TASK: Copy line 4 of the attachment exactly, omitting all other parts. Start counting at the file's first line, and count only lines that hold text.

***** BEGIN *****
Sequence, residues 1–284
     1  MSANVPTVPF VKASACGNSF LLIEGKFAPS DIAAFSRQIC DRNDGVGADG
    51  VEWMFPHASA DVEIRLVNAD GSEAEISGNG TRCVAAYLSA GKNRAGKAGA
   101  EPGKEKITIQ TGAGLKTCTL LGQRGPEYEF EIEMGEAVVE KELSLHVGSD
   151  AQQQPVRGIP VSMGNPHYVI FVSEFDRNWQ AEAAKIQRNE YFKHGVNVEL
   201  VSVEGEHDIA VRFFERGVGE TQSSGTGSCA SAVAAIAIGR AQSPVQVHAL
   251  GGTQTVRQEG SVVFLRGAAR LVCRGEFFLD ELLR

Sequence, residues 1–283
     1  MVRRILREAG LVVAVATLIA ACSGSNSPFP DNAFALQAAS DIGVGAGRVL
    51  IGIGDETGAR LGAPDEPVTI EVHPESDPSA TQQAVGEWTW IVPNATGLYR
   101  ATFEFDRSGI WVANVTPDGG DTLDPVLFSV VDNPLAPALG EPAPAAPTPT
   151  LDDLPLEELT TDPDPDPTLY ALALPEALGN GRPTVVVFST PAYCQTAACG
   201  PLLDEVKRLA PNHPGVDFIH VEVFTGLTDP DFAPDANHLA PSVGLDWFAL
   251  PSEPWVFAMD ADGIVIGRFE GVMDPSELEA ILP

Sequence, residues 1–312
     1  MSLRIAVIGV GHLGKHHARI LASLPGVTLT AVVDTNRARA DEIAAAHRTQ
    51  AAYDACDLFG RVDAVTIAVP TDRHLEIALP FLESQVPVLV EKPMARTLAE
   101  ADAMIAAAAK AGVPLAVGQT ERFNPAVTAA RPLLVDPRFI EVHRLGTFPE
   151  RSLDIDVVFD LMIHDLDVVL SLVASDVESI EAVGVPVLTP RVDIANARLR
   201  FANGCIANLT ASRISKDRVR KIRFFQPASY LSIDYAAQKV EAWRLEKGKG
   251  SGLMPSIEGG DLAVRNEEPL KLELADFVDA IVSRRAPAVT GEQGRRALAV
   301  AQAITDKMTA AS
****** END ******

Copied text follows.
   101  EPGKEKITIQ TGAGLKTCTL LGQRGPEYEF EIEMGEAVVE KELSLHVGSD